I wouldn’t call it a cultural shock, but an economic shock, especially that I still had fresh in my mind the empty shelves in the Bucharest grocery stores and the greasy, ugly signs in the stores’ windows: Governmental Decree to Rid Bucharest of Rats!   By contrast, in America there were endless isles with a variety of products, some of which I never knew existed.  There were several brands of  coffee and fresh fruits and bananas, mountains of bananas, which we, Romanians, were able to taste once a year, before New Year’s, by standing in endless lines, if the supply wasn’t finished by the time we got at the front of the line. Oh,  and rolls of toilet tissue in unlimited supply!  I could have bought as many rolls as I wanted, I wasn’t limited to two, as in Bucharest.  I could stop carrying toilet paper in my purse, I thought when I soon discovered all public bathrooms had plenty of their own.

And the television… the nature programs, the music, the shows, the  political jokes the comedians made openly, and no one was arresting them!  America was definitely shocking and hard to believe.  In Bucharest, there was a story circulating about President Ceausescu and his wife when they visited Macey’s in New York City.  The story went, the Ceausescus were so shocked by the plenty and the elegance of the famous department store, they thought it was a “show” the Americans put together to impress them.  Ceausescu asked an aide: ‘How long do you think it took them to put together this show for us?”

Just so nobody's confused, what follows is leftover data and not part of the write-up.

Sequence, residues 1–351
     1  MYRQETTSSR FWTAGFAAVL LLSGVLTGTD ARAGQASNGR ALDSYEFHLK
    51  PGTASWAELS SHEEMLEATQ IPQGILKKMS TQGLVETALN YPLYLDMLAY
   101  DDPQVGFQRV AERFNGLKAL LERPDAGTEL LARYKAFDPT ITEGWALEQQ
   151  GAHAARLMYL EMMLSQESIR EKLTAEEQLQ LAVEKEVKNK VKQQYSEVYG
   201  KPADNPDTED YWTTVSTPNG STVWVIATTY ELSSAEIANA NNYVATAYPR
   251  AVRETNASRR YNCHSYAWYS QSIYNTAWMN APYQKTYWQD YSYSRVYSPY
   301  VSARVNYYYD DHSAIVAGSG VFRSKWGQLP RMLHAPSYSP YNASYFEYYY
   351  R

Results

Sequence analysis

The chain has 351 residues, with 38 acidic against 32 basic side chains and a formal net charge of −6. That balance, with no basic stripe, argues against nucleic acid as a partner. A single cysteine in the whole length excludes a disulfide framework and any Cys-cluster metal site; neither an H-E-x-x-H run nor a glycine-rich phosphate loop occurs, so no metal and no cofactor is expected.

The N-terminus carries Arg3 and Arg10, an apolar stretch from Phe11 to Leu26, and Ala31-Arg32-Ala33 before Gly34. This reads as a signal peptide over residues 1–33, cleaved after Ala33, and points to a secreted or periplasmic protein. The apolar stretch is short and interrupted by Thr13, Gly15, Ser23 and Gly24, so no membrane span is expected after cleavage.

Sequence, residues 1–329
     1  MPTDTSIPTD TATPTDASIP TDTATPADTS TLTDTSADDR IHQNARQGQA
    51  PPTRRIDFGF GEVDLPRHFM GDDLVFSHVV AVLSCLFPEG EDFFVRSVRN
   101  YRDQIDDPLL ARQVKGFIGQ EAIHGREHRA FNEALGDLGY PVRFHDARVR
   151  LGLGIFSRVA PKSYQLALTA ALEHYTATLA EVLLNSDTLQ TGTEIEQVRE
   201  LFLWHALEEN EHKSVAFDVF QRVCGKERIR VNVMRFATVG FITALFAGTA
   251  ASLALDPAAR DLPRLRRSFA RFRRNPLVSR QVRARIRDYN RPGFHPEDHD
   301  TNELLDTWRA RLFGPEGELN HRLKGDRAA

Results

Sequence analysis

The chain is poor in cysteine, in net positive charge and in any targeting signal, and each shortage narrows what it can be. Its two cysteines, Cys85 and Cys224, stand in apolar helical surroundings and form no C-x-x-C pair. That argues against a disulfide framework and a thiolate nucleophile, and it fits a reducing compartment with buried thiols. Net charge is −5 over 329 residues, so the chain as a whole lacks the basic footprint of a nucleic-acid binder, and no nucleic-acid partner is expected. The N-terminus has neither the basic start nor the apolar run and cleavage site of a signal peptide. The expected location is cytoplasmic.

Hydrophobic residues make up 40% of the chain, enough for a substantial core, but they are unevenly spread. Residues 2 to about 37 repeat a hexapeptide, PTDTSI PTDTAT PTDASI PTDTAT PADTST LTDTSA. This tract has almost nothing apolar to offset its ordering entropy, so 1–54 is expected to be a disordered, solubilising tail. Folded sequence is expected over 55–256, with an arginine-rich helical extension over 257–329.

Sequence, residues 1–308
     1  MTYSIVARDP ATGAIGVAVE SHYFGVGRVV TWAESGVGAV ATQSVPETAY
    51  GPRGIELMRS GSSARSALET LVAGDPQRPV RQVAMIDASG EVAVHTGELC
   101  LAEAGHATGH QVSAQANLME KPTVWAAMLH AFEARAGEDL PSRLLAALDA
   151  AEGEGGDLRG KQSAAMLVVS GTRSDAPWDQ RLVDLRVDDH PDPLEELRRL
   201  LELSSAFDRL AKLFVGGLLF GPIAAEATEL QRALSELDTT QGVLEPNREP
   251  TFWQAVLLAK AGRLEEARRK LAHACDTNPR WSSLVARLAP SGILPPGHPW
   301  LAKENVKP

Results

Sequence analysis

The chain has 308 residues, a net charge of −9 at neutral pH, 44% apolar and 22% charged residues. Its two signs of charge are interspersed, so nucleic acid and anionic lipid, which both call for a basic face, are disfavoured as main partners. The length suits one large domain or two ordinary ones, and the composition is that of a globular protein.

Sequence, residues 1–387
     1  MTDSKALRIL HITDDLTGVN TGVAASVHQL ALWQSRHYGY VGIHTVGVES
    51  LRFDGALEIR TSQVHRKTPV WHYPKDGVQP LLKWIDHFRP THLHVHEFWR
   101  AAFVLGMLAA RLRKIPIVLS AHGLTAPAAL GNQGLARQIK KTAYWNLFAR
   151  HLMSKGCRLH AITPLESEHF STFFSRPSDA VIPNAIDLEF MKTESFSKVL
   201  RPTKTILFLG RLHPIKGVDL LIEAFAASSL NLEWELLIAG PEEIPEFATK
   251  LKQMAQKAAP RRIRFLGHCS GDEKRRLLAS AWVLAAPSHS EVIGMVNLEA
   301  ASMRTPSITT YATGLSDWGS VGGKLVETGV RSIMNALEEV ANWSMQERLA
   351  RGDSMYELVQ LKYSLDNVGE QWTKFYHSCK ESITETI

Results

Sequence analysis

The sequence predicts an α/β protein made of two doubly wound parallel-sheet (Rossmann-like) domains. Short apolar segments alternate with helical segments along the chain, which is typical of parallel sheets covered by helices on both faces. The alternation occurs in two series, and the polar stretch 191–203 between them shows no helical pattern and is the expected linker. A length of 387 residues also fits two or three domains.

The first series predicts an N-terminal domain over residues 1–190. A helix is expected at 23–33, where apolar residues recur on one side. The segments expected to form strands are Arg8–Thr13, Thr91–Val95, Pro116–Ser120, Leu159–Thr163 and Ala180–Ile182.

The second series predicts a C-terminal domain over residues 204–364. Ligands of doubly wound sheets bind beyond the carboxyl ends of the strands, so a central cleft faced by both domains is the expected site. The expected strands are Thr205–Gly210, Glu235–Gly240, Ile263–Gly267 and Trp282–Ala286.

And there were the Main Line parties, and people asking questions and I, trying to explain the impossible. How could anyone used to so much  plenty everywhere  imagine that in many parts of the world people starve or stand in endless lines to get milk, bread and eggs, if they were lucky enough and the supply didn’t end by the time their turn came.  Most people shook their heads in silence and admitted it was hard, if not impossible to imagine.  But not everyone lacked imagination, and at one of the parties, an attractive young blonde asked detailed questions and listened to my stories for well over half-an hour.  She shook her head in understanding and that encouraged me to tell her more.  That was  someone who understood how lucky people were in America, I thought, and continued to tell her stories about the empty stores, the decree to kill all rats and the lack of basic human freedoms.

I was done my stories and she was still nodding in agreement.  She was in deep thought for a while, and then concluded:

“Yes, I do understand! I know exactly what you mean. A few years ago, we had a shortage of peanut butter here in America.  Can you imagine? NO peanut butter for a whole month! I didn’t know what to do…  It was horrible! The kids went crazy…”

…and so did I!